Collins English Dictionary - Complete & Unabridged 2012 Digital Edition © William Collins Sons & Co. 1979, 1986 © Harper Collins Publishers 1998, 2000, 2003, 2005, 2006, 2007, 2009, 2012 Cite This Source radiocarbon dating A technique for measuring the age of organic remains based on the rate of decay of carbon 14.Because the ratio of carbon 12 to carbon 14 present in all living organisms is the same, and because the decay rate of carbon 14 is constant, the length of time that has passed since an organism has died can be calculated by comparing the ratio of carbon 12 to carbon 14 in its remains to the known ratio in living organisms. Our Living Language : In the late 1940s, American chemist Willard Libby developed a method for determining when the death of an organism had occurred.Libby thus reasoned that by measuring carbon 14 levels in the remains of an organism that died long ago, one could estimate the time of its death.This procedure of radiocarbon dating has been widely adopted and is considered accurate enough for practical use to study remains up to 50,000 years old.Back in the late 1940s, scientists needed large samples of tissue to conduct a test.To date a scroll you pretty much had to destroy it.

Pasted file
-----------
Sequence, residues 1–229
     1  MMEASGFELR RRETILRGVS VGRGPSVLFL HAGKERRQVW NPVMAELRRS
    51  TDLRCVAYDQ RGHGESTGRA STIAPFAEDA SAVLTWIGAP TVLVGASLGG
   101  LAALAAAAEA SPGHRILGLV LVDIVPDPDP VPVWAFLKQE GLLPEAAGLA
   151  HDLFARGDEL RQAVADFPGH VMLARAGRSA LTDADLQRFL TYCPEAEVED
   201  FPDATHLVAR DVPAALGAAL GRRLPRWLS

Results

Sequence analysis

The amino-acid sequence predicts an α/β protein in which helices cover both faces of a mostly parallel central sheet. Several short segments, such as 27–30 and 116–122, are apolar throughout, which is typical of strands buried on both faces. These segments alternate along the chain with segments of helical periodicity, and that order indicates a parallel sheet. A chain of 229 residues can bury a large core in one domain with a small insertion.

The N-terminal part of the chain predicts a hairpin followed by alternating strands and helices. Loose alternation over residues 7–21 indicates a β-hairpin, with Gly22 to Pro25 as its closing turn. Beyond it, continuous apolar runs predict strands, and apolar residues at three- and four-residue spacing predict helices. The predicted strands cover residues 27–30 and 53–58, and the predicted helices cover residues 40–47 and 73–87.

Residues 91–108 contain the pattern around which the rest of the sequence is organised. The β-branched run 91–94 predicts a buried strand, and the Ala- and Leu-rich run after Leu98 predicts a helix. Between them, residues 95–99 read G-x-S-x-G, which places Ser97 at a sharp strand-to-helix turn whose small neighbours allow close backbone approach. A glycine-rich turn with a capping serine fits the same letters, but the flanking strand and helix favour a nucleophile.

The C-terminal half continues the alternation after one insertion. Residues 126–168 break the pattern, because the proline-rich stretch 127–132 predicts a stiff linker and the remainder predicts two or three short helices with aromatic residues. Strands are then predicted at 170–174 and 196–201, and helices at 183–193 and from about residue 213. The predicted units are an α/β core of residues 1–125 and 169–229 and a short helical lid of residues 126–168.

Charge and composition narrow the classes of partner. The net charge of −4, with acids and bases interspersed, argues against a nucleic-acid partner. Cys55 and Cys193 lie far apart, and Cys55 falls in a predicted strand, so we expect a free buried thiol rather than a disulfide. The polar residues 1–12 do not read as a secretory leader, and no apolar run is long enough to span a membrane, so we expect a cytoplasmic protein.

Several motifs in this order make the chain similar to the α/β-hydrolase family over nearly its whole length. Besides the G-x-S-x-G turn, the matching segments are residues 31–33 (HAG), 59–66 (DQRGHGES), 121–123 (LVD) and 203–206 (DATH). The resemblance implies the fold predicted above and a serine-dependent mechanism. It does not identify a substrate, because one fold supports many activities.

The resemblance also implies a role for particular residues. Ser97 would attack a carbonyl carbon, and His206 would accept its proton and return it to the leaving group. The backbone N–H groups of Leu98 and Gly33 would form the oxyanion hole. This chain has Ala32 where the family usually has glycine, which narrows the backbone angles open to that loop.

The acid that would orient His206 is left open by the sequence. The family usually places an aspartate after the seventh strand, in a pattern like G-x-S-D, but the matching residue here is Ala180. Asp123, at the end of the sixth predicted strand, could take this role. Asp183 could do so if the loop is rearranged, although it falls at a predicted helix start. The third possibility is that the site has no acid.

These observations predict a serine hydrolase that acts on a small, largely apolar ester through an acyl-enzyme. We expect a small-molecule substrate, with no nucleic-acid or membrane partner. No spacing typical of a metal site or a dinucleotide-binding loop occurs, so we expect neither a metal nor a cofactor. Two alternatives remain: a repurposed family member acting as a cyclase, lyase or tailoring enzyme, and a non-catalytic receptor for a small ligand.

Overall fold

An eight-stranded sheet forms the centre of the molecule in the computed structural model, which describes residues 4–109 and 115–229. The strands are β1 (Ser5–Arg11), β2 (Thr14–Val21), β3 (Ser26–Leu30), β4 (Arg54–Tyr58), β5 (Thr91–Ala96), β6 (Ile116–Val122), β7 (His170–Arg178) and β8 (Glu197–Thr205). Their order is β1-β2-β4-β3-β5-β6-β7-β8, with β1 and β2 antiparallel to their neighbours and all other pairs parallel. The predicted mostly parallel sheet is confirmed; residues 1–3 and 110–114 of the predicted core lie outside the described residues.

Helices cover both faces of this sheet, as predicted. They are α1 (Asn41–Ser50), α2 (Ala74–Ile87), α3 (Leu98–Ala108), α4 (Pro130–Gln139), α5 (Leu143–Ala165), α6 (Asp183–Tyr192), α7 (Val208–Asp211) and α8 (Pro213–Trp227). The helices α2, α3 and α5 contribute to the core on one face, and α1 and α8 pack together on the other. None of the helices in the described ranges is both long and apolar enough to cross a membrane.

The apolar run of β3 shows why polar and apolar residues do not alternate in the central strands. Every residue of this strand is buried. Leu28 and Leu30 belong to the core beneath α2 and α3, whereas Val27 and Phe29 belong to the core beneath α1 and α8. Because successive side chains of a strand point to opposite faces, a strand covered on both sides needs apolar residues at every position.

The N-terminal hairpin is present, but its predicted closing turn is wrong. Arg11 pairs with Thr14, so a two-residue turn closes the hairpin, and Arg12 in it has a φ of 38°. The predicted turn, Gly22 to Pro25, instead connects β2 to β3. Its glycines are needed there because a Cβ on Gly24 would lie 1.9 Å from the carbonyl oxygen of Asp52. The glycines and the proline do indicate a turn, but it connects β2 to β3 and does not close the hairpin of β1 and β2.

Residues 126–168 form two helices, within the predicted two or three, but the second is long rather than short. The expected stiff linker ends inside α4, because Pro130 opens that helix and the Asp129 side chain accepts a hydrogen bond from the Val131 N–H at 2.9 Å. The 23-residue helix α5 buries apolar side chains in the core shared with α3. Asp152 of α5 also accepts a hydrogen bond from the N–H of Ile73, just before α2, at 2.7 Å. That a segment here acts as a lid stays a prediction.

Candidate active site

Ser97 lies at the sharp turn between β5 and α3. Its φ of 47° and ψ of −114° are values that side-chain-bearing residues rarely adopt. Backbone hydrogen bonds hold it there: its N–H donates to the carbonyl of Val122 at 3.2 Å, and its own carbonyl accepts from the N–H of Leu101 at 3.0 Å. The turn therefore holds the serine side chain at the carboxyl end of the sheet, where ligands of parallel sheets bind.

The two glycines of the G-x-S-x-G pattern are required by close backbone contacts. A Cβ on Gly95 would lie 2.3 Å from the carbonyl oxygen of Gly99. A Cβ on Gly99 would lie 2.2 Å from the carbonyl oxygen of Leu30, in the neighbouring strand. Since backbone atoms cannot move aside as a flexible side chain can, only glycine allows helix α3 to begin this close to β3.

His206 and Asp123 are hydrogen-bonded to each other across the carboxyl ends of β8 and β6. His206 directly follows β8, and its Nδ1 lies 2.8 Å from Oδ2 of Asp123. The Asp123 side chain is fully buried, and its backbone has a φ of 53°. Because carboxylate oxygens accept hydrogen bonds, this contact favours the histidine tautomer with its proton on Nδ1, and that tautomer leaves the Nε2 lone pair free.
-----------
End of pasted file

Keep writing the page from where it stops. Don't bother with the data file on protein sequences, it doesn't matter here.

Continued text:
In order to work with this type of equipment in conjunction with forensic investigation, a Bachelor’s Degree in Forensic Science is usually necessary. : For a forensic nurse, being able to quickly ascertain how much physical damage a patient has suffered can be the difference between life and death.
A very small percentage of carbon, however, consists of the isotope carbon 14, or radiocarbon, which is unstable.